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S&P/TSX composite down more than 200 points amid broad selloff led by tech sector

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TORONTO — Canada's main stock index closed down 1.2 per cent Tuesday as part of a broad selloff caused by surging bond yields that also pushed U.S. stock markets down. 

The S&P/TSX composite index closed down 262.88 points at 21,274.57 with losses led by the technology, industrial and health care sectors.  

In New York, the Dow Jones industrial average closed down 543.34 points at 35,368.47. The S&P 500 index ended down 85.74 points at 4,577.11, while the Nasdaq composite was down 386.86 points at 14,506.90.

The sell-off comes as higher bond yields curb investor appetite for risker assets, said Candice Bangsund, portfolio manager for Fiera Capital.

"The sharp move higher in bond yields has been driven by increased speculation for a more aggressive path to policy normalization. Investors are now pricing in four rate hikes from the Federal Reserve starting as early as March, and this is obviously rattling both fixed income and bond markets here so far in 2022."

The increased volatility and pressure on equity markets is largely expected after a very strong 2021, she said.

"Equity markets are trading at some elevated valuations. And our sense was that volatility would resurface, particularly given the transition that's taking place from ultra stimulative monetary policy towards something less supportive."

While fairly widespread, the sell-off was led by technology firms and declines this year have been sharper in the U.S., said Bangsund. 

"The Canadian market's holding up a little bit better, and year-to-date doing much better than its U.S. counterparts given a high concentration in the energy sector that's done extremely well."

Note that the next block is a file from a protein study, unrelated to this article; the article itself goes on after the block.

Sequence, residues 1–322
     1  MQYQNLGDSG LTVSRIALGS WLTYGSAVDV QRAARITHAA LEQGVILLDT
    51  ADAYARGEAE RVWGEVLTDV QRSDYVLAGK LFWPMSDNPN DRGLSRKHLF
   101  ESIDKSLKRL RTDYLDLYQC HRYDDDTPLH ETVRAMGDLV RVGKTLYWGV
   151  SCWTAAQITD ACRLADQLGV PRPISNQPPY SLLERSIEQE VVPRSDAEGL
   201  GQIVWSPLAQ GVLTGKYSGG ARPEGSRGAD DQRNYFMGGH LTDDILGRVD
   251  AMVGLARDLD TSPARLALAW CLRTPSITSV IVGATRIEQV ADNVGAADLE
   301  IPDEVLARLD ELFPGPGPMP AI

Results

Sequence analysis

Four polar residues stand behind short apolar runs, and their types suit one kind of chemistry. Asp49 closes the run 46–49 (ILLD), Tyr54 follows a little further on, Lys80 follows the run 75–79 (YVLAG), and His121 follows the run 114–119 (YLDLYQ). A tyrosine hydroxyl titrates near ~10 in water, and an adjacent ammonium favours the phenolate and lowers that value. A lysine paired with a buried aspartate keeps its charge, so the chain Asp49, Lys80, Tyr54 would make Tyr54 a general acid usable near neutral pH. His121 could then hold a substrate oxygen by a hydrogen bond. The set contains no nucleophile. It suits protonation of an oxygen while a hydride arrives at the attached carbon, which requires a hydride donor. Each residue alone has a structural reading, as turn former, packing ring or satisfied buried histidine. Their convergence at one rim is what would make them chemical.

Oil has been rising amid strong demand, despite the Omicron variant, as well as tight supplies. 

"The global demand outlook for crude remains fairly bright," said Bangsund.

Crude oil rose again Tuesday, closing up US$1.53 at US$84.83 per barrel and the February natural gas contract was up two cents at US$4.28 per mmBTU.

Still, Canadian energy producers saw their share prices dip amid heavy trading, including Cenovus Energy Inc. down 1.8 per cent, Crescent Point Energy Corp. down 2.3 per cent, and Suncor Energy Inc. down 0.94 per cent. 

On the technology front, Shopify Inc. was down 4.93 per cent, Constellation Software Inc. lost 3.06 per cent, and Lightspeed Commerce Inc. dropped 8.06 per cent. 

The Canadian dollar traded for 79.81 cents US compared with 79.87 cents US on Monday as a strong U.S. dollar limits its growth, said Bangsund.

"You would think given the resilience and the phenomenal gains that we've seen in crude prices, the Canadian dollar would be trading at a higher valuation, but the Canadian dollar has been ultimately capped by general underlying strength in the U.S. dollar."

The February gold contract closed down US$4.10 at US$1,812.40 an ounce and the March copper contract was down four cents at $4.38 a pound.

This report by The Canadian Press was first published Jan. 18, 2022.

Companies in this story: (TSX:GSPTSE, TSX:CADUSD=X)

The Canadian Press